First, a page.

Seven claims of error are lodged here. Appellant contends that the trial court erred in (1) denying his motion to dismiss on the ground that the two counts in the substitute information subjected him to double jeopardy; (2) denying his motions for acquittal because there was insufficient evidence of stealing; (3) limiting defense counsel's cross-examination of one of the police officers; (4) denying his motion to suppress evidence seized without a warrant at the scene of the wreck; (5) submitting a verdict-directing instruction that varied from the substitute information; (6) failing to give in full MAI-CR 2.70 as required, and (7) overruling defense objections to testimony by the station attendant as to the value of cigarettes stolen and failing to declare a mistrial after sustaining defense counsel's motion to strike testimony as to the value of the check protector, thus prejudicing appellant's right to a fair trial.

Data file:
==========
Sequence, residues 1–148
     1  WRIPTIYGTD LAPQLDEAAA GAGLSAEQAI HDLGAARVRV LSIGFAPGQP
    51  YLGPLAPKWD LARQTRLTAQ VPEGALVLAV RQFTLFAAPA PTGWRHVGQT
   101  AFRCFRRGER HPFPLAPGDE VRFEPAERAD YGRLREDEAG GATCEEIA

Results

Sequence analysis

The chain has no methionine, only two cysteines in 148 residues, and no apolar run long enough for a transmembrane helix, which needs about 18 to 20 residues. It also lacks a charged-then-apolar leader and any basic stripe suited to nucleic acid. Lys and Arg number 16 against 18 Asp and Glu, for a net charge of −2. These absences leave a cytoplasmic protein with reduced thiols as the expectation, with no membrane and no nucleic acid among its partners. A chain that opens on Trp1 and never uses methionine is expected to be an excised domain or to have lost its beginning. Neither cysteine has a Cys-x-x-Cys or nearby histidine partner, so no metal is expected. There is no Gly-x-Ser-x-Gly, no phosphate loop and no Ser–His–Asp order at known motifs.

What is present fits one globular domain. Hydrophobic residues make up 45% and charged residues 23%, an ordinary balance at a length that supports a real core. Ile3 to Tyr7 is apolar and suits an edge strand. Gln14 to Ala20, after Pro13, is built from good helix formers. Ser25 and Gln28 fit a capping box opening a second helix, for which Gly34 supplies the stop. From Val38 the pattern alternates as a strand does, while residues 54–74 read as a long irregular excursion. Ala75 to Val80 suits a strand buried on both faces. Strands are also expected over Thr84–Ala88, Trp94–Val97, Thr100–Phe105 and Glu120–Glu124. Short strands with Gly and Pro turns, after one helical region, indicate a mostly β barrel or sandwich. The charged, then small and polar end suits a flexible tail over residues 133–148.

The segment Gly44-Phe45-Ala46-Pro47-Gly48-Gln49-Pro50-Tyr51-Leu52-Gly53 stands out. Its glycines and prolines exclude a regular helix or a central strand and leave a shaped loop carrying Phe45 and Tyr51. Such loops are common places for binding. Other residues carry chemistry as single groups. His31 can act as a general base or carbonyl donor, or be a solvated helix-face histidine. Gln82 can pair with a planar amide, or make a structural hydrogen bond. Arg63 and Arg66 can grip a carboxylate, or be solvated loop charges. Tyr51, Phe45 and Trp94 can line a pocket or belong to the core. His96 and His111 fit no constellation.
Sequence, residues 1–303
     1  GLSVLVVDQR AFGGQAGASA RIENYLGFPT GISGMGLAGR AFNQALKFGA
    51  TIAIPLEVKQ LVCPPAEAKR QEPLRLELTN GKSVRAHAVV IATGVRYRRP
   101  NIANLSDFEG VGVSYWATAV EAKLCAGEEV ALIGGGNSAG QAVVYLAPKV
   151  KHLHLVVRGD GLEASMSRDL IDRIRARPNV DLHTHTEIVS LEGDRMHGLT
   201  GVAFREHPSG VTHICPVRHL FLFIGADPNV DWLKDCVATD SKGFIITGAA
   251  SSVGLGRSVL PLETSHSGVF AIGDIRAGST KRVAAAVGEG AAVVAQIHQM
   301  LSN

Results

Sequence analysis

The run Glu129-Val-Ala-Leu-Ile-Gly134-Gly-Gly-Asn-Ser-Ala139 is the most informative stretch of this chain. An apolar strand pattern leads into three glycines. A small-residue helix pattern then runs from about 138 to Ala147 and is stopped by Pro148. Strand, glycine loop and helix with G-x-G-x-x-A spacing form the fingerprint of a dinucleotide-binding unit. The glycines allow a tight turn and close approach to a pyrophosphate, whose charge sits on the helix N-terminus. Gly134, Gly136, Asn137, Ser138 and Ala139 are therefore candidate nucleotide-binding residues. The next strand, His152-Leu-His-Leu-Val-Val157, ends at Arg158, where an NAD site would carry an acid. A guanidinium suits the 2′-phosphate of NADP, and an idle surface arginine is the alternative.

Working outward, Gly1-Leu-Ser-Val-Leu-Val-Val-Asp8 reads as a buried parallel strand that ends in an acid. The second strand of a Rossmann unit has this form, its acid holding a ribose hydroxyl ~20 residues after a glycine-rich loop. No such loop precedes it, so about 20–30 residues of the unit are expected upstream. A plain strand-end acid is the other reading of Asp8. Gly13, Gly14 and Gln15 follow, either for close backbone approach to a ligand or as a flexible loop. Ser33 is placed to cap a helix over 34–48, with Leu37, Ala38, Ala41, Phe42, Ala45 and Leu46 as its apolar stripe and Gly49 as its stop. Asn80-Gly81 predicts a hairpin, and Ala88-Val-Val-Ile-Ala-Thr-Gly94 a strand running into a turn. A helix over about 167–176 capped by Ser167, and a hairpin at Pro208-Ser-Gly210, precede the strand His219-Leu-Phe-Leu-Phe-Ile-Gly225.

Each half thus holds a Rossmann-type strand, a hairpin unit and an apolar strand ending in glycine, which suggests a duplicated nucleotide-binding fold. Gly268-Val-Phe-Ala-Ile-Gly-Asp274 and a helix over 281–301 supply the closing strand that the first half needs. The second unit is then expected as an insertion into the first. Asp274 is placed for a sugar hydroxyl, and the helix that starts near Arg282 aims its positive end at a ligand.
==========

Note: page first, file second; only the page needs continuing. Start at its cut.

The state's evidence established the following: On December 4, 1975, a man identified by the station attendant as appellant drove into the Clark Service Station on South Grand in St. Louis and asked the attendant to check the oil. The attendant described the car as a black over white Cadillac, although his testimony varied on whether it was a two-door or four-door car and he did not know the model of the car. When the attendant told appellant that the oil was fine, appellant then asked the attendant to listen for a knocking noise in the engine. The attendant estimated that the encounter lasted between five and ten minutes. He testified that during that time appellant never got out of the car and that he saw no one else in the car or around the station. When the attendant returned to the station building after appellant had left, he saw that the door to the storage room was open, a bag of cigarettes lay open and some loose change was on the floor. The attendant then called the police. One of the policemen involved in the chase testified that he and his partner were out on routine patrol and began following the Cadillac appellant was driving after a call came over their radio on a holdup at the Clark station. The call included a description, although what the description was is unknown. Very soon after the call, the officer and his partner observed the Cadillac approaching with two persons inside. The driver was a black male, and as the police passed, one officer testified that the driver put his hand up to his face so as to obstruct their view of him, while the passenger in the Cadillac appeared to be doing something down on the seat. After following the Cadillac about half a block, another call came out over the police radio with a description of the automobile and its occupants. At that time the policemen accelerated and turned on the red roof lights and siren. The Cadillac also accelerated at this point, and the chase ending in the fatal crash ensued. After the crash and while the appellant and